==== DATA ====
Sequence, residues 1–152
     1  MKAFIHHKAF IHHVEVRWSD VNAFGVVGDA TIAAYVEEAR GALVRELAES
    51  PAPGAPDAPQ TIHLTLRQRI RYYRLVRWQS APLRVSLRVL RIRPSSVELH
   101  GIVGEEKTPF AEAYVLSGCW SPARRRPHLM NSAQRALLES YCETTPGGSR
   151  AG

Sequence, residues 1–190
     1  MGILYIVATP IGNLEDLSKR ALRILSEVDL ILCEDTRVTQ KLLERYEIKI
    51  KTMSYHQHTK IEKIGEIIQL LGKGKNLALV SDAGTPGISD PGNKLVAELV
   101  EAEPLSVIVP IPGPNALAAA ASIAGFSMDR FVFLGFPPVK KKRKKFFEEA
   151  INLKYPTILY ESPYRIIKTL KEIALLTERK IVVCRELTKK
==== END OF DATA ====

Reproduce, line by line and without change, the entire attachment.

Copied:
Sequence, residues 1–152
     1  MKAFIHHKAF IHHVEVRWSD VNAFGVVGDA TIAAYVEEAR GALVRELAES
    51  PAPGAPDAPQ TIHLTLRQRI RYYRLVRWQS APLRVSLRVL RIRPSSVELH
   101  GIVGEEKTPF AEAYVLSGCW SPARRRPHLM NSAQRALLES YCETTPGGSR
   151  AG

Sequence, residues 1–190
     1  MGILYIVATP IGNLEDLSKR ALRILSEVDL ILCEDTRVTQ KLLERYEIKI
    51  KTMSYHQHTK IEKIGEIIQL LGKGKNLALV SDAGTPGISD PGNKLVAELV
   101  EAEPLSVIVP IPGPNALAAA ASIAGFSMDR FVFLGFPPVK KKRKKFFEEA
   151  INLKYPTILY ESPYRIIKTL KEIALLTERK IVVCRELTKK